• Stifling innovation - Preventing advances to industry state of the art, through not investing in innovation and preventing new entrants from doing so.

  • Uncompetitive markets and prices - Lack of competition in a market and benefits incumbents who can effectively set their price thus exhibiting rent seeking behaviors.

πŸ§›β€β™‚οΈ Value extraction

Generally identity systems make up part of larger technology products. Providers of these products have come to rely on value extraction through identification, surveillance and sales of generated insight as a means of monetization. The negative effects of such practices include loss of privacy and the incremental loss of agency as a result of the influence brands exert on a given user's choices.

Value extraction is most effective when done without getting the customers' knowing or considering its effects costly. As such it is always beneficial for the extractor to downplay the said effects.

There are cases where in fact the extraction may exert minimal costs to the customer, however even in these cases, the customers' ignorance robs them of a chance to benefit from multiple service providers competing for them.

🀐 Censorship

The rise and ubiquity of digital communication and publishing platforms has made access to them all the more crucial. For most people being denied access to these platforms has significant costs in terms decreasing one's ability to reach others through direct communication or to express and market one's ideas through published content.

As such, the providers of these platforms wield enormous power when they choose to give up neutrality and make judgements about the fitness of a given platform member. Historically these judgement have primarily been designed to follow a set of rules of principles. However, in practice, judgements are influenced by the company's interests, internal culture, external political forces, governments, the public at large, or many other factors.

🏴 Systematic political suppression

This type of suppression when the power of government agencies such as intelligence, law enforcement and military are concentrated on aim of suppressing specific political movements through surveillance, threats and force.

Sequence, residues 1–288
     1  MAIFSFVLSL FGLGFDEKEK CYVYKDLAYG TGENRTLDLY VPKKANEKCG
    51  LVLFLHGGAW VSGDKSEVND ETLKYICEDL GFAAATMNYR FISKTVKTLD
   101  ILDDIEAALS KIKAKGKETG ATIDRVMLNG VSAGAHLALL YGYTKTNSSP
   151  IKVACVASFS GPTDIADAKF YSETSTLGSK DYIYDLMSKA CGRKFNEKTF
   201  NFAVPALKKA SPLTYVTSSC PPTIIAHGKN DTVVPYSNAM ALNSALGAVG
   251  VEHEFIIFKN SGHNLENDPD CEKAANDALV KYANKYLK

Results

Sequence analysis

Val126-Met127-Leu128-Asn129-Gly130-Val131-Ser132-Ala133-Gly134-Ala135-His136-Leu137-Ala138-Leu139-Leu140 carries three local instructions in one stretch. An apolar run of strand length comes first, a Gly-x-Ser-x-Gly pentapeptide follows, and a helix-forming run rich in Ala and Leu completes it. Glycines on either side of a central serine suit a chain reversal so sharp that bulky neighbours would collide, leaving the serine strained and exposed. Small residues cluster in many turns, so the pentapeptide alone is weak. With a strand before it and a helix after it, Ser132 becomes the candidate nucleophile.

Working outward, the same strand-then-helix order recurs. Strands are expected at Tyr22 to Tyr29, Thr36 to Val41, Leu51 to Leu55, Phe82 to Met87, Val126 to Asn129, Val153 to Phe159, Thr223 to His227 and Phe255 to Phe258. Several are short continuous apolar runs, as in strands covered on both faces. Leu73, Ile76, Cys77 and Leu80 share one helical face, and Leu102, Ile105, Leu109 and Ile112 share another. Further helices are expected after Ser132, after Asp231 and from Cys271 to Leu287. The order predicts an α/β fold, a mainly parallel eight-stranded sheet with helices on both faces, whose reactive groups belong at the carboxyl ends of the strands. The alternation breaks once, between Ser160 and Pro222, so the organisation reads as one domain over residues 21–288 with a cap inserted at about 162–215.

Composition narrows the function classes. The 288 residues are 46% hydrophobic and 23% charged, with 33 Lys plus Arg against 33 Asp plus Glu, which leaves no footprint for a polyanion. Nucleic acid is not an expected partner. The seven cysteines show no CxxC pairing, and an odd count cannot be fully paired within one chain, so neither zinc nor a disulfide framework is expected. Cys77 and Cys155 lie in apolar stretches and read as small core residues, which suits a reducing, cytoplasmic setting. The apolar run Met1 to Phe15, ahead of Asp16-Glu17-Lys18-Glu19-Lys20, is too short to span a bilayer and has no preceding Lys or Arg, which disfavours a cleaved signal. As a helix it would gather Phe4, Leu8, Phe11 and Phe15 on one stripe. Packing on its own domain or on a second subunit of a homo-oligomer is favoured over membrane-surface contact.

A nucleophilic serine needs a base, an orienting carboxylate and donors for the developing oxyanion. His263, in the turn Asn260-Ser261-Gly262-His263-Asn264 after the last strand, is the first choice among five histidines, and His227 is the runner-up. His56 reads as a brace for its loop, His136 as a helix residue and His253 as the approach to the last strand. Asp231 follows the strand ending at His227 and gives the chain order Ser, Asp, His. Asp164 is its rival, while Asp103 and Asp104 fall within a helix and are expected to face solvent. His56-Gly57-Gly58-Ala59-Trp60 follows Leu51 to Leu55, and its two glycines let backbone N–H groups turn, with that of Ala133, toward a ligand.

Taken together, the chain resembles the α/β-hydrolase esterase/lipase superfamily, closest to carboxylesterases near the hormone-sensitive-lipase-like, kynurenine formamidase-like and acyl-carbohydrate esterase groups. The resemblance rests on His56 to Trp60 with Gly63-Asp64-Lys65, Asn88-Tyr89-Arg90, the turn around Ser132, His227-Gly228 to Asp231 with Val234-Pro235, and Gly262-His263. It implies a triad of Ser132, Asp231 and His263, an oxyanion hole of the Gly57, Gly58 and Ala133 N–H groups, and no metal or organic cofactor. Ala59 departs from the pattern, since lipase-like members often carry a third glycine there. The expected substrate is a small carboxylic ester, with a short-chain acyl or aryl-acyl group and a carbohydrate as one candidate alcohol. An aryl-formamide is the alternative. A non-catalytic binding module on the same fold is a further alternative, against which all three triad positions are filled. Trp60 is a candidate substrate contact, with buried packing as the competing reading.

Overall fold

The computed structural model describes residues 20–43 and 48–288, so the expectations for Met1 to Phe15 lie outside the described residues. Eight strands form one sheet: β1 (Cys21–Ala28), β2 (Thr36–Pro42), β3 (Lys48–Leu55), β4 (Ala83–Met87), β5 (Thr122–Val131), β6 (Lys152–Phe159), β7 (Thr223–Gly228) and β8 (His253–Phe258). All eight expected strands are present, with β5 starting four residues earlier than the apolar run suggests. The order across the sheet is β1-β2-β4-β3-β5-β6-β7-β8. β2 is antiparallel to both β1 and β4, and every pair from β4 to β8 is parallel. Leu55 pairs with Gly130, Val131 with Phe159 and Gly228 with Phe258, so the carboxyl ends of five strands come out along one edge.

In cases where a significant concentration of a government's power, typically from the law enforcement, intelligence and/or military organizations, focuses on preventing or eliminating the growing political power of a given part of its own society, we see examples of systematic political suppressions. Popular technology platforms may be forced to cooperate with the authorities to increase the effectiveness of their surveillance programs.

Often the agents of these effort claim they are only fighting crime or terrorism. However the extent of the target group's position in society and their relevance to a significant culture, ethnicity, class, or ideology, should be the real measure used for judging these claims.

πŸ€– Sybil attacks

Simulating a human being on the internet can be low cost, and can yield significant profit in various scenarios, such as product reviews, social media influence, political debates and voting, etc.

Many social and commercial systems depend on the ability to identify unique humans in roles such as citizens, customers, etc. And so it is possible to break the rules of these systems by breaking this assumption, through simulating unique human beings, especially on the internet.

There are a number of ways to mitigate against this type of attack, and most of them involve verifying identities outside of cyber-space, and securely tying them to a specific digital identity, with some degree of certainty.

These verification steps often conflict with desired ease of onboarding or censorship resistance, as they are bound to introduce at least some friction. In case of product reviews, online retailers take a few steps to verify customers by their addresses, purchases, financial accounts, etc. In case of social media networks, they do a less effective job, but they detect clear signs of automation and fraud such as identical activity across multiple accounts.